Good luck. You shouldn't be having any trouble with the motherboard that you selected. I'm sure that we can get your machine running. :)

linuxscout 01-23-2009 08:31 AM

Hi stress_junkie, thanks for your quick post. I'll answer below, hope my answers are well read since this is my first post in this forum.


>> Yes, I checked cables, connectors, etc. first. I have also pretty long experience with hardware and soft, however there's always something that can beat us, since there are lot of hardware combinations...Anyway, I'll try to answer your questions:

Quote:

Originally Posted by stress_junkie (Post 3418494)
Looking at the specs of the motherboard I don't immediately see anything that could cause problems for Linux. I am using a new Asus P5GC motherboard on my newest computer without problems. Here is a link to the description of your motherboard on the Asus USA web site.

http://usa.asus.com/products.aspx?l1...72&modelmenu=1
>> Yes, I've seen it. Thanks.

Naturally the first thing to do is to check the specifications of your disk drives and RAM and any other devices attached to the motherboard to be sure that they are compatible with the motherboard. Then check the cables and connectors. Hopefully you did all of that sort of thing before you wrote your question here.
>> done!

The picture on the Asus web site of the back panel does not show a VGA connector. That is unfortunate. It would be good if you could use an on board video to eliminate the possibility of your problems being caused by an add-in video card. I hope that you are not using one of the new Nvidia cards. They can be problematic due to improper fill material being used in their manufacture.
>> well, I've installed a NVidia Gforce 8400 GS, is that what you meant?. Actually I don't care very much about the graphic card, since I will be mostly using the system thru the network, as part of a cluster.
Do you think this could have somethingg to do with the problem?

I hope that you haven't tried to overclock the CPU or RAM. That wouldn't make sense to do before the operating system is installed.
>> No, I didn't. I don't need that for now.

Hopefully your power supply is at least 500 watts.

>> Yes, it is.

The first thing that comes to mind when reading your post is what are all of these modes that you speak of? I've purchased a lot of motherboards and I've built a lot of computers from scratch and I have no idea what you could be talking about with the various modes.

>> I'm sorry. I was talking about the SATA modes, which are available in the BIOS screens, under SATA Configuration. Please, take a look at the mobo manual , all the screens are there.

I would download one or more Linux distributions that are available as a bootable live CD/DVD. Then I would boot the live CD Linux to see if any distribution can see your disk drives. If you find one that will work with the disk drives then open a terminal window and enter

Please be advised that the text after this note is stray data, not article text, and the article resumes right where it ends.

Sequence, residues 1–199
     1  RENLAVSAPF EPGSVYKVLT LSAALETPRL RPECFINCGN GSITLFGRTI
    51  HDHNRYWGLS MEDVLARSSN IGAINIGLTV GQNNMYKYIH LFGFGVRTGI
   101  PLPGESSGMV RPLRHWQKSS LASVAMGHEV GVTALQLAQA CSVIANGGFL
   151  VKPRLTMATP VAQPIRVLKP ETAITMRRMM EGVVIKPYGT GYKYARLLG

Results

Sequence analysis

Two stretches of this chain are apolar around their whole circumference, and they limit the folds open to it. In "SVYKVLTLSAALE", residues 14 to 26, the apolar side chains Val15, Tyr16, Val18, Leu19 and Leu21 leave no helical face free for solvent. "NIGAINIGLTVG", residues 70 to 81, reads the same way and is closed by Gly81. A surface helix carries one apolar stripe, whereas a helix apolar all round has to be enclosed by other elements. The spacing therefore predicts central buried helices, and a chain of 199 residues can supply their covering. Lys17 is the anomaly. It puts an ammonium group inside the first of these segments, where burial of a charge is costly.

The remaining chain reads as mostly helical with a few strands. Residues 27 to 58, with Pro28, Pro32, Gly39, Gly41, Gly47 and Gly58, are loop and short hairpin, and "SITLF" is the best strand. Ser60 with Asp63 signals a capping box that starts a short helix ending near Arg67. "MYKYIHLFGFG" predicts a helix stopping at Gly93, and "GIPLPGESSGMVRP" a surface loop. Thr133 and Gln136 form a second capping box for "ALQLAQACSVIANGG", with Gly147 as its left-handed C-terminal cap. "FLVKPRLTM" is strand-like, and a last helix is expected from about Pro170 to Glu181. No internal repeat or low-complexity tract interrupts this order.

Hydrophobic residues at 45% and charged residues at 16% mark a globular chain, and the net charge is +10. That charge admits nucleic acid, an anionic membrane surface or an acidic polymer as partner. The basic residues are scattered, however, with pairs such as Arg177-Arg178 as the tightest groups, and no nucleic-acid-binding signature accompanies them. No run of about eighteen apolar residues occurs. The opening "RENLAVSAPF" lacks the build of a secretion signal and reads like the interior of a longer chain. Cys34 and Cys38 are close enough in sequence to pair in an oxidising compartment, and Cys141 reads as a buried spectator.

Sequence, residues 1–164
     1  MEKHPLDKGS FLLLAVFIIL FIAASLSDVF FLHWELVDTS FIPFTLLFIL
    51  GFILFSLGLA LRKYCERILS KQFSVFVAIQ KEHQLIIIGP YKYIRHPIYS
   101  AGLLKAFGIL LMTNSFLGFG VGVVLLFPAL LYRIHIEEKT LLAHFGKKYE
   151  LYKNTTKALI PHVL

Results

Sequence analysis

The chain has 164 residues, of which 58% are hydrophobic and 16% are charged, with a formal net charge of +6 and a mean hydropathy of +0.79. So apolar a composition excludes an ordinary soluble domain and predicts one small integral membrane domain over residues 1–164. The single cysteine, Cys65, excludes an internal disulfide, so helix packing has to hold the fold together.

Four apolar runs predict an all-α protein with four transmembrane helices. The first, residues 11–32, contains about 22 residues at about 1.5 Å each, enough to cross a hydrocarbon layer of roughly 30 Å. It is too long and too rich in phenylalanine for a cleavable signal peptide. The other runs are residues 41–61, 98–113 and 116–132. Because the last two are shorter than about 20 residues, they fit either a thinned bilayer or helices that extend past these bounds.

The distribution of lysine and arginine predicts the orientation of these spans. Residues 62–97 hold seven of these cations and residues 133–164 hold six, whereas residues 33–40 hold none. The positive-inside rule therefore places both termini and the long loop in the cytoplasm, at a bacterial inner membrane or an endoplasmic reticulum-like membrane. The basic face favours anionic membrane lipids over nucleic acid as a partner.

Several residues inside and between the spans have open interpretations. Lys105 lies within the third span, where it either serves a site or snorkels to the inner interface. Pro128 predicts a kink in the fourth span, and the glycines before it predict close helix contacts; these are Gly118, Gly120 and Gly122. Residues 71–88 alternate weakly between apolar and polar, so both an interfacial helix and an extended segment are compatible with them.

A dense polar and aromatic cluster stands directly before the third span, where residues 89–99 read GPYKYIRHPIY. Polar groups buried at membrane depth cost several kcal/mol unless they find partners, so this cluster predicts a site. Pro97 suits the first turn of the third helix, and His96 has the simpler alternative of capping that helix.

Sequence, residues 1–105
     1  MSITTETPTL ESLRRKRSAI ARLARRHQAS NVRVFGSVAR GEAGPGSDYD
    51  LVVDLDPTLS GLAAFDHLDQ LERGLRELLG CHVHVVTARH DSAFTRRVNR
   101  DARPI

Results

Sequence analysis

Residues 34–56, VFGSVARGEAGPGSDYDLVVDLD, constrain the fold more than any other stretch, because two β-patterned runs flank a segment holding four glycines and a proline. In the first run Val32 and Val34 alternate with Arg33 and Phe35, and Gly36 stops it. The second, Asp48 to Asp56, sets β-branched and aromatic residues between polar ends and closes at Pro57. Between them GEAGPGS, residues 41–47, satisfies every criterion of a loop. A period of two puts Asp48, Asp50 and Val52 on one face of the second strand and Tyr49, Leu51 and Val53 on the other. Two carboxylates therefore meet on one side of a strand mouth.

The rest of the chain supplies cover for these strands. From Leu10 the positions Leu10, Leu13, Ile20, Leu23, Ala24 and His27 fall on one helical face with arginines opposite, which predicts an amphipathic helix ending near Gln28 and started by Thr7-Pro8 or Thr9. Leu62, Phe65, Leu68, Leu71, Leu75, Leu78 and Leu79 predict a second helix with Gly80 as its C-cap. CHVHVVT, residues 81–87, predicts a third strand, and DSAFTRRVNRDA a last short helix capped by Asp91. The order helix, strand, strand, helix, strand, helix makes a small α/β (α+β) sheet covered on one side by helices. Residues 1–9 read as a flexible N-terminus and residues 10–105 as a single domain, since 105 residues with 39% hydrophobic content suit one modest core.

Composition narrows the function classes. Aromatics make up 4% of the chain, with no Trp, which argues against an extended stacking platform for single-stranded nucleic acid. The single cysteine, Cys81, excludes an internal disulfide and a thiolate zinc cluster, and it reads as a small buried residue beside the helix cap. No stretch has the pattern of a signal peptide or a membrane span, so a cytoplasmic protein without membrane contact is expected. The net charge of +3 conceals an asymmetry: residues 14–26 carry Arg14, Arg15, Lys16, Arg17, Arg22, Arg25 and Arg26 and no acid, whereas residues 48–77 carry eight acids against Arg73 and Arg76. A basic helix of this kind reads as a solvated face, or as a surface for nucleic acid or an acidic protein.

Code:

lsmod
That will list the kernel modules that are loaded. Write this list down. Then get Red Hat to use the same modules.
>> I'm not at the place where the machine is, but I'll post it later, as soon as I get there.

The Asus support site has motherboard BIOS updates. You may want to upgrade the motherboard BIOS. It also has drivers for Linux. You should download them and try to use them.

>> Ok, I'll try that. I didn't see before.

http://support.asus.com/download/dow...s&model=P5QL-E

So, please explain the modes that you are talking about, try what I recommended, and post the results back here.
>> Of course I will.
>> Thanks for now, I'll get back here as soon as I tried everything you suggested.

Good luck. You shouldn't be having any trouble with the motherboard that you selected. I'm sure that we can get your machine running. :)

>> Thanks!

linuxscout 01-24-2009 06:49 AM

Hi again.

Well, I did a couple of things before trying BIOS update, which is for me a last resource...
Yesterday I found a report on the web, telling that the only way these disks would work was configuring the BIOS to see the disks as AHCI.

I'm not being able to find that report again, but it came from Applab. I remembered that, so before doing anything else I decided to try AHCI configuration, so I changed the BIOS under SATA Configuration to use AHCI. That gives me some additional options (that you can see in the manual pages), but without changing anything else I booted up with a Linux 4 CD , as if I would begin a new install and now , as you arrive to the Disk Druid screen to define the partitions, you see the disks as sda, sdb...etc.
This never happened before, so I suspected that this should be the right BIOS settings (as stated by that little sentence at the end of the report, that I can't find again in the internet...!).

Ok, from now on what should I do?. The first thing was to make a full backup of all the partitions with Clonezilla, in order to be able to go back at any time.

Once the backup finished, I would try an upgrade which is proposed by the Linux 4 install program.